If today is the tomorrow we worried about yesterday, then maybe it’s also the yesterday we’ll long for tomorrow…
NeoClassicism and Sampling are both ways that musicians have brought the past into their music.
Sampling began in the 1970s and 1980s as hip hop musicians imported samples of earlier popular songs to their works. Maybe it was to pay homage (if not royalties) to the earlier works, or perhaps they wanted to evoke each listener’s unique emotional memories tied to the older songs.
On the other hand, NeoClassism is a style of music from the 20th century in which modern works were based on less direct references to much older music. NeoClassicism began in Europe after World War I as a return to order, balance, clarity economy and emotional restraint of the Classical era. Was this a response to the War to End All Wars, a denunciation of the lurid chromaticism of the Late Romantic period, or both?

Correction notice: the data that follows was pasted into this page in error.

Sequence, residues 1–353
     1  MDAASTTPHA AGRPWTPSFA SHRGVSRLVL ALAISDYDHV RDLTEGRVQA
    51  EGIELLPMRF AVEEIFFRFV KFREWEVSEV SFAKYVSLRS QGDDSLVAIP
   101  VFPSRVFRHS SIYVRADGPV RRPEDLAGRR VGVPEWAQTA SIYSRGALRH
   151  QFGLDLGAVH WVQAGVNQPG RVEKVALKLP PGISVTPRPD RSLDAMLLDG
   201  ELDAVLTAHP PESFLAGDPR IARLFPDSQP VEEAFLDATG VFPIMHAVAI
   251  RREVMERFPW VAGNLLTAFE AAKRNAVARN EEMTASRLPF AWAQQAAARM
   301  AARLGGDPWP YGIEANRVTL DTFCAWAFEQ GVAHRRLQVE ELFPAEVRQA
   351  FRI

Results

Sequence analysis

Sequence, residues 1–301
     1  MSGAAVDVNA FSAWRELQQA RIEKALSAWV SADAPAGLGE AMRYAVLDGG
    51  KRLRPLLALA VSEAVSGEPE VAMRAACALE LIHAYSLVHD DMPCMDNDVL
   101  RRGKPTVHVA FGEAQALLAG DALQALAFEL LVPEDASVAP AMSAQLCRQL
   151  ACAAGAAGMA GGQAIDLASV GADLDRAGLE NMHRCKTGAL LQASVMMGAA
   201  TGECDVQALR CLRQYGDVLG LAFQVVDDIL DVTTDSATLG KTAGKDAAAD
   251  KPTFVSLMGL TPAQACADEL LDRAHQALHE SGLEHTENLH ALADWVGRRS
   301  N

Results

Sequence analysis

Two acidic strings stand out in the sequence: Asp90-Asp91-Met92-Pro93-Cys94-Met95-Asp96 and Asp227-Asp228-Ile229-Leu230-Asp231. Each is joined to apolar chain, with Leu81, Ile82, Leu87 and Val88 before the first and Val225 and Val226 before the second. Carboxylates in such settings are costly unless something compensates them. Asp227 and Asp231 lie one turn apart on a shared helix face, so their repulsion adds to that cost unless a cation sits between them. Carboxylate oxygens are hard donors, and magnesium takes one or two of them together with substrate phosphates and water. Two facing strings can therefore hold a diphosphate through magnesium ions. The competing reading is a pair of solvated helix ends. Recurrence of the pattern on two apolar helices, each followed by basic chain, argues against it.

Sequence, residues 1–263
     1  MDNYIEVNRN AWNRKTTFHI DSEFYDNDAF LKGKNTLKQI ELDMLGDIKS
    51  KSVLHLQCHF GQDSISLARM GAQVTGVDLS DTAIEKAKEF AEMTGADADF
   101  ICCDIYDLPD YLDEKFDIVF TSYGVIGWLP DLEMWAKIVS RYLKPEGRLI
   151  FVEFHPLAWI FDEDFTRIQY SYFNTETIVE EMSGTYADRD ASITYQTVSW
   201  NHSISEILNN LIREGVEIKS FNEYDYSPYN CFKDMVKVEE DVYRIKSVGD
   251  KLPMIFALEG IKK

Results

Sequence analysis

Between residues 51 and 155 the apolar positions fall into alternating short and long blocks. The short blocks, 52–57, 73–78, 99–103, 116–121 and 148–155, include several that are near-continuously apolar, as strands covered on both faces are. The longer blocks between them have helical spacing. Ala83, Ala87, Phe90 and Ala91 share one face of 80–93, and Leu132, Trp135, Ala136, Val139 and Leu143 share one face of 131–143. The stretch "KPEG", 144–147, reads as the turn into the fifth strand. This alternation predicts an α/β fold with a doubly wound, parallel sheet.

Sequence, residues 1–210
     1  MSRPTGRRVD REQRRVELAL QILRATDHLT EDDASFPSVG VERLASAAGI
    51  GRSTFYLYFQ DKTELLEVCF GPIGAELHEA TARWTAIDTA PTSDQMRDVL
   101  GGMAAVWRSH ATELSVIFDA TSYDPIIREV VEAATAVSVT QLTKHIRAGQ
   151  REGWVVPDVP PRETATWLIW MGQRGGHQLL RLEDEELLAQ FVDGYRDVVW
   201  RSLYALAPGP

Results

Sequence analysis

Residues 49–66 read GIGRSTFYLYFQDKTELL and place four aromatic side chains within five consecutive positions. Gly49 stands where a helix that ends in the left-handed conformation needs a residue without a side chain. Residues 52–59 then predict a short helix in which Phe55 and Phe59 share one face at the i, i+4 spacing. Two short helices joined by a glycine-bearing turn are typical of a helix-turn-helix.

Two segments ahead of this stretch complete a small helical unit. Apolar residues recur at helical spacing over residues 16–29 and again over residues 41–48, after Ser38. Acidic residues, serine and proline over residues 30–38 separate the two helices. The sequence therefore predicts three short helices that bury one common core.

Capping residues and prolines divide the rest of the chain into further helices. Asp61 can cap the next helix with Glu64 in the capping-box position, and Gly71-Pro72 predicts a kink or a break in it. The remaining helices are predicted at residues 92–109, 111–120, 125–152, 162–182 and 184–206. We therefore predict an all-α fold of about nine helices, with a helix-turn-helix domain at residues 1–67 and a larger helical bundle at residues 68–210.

MSCO will play two major NeoClassical works on March 8th and 9th, both from the years after World War I, Stravinsky’s Concerto in E flat for Chamber Orchestra (1938), known as “Dumbarton Oaks,” and Respighi’s second suite of Ancient Airs and Dances(1923).
Stravinsky’s work was inspired by the first movement of Bach’s Brandenburg Concerto no. 3. Click on the video below to see how the openings of the two works compare.
Respighi’s Ancient Airs and Dances were based on specific lute compositions of previous composers, but the dances underneath even those works were very popular across Europe. Click on the video below to see how the music a Moorish dance troupe in the Cotswalds resembles the ground bass of the Bergamasca from Respighi’s work. BTW, the Moorish dancers were captured during the MSCO 2002 Europe Tour.
All this makes me wonder which music of today will be sampled tomorrow. Will the songs and stories of Broadway be our legacy? Will the industrial sounds of minimalists like Philip Glass represent our time, or will future generations look back at the popular dance music of our time?
What do you think?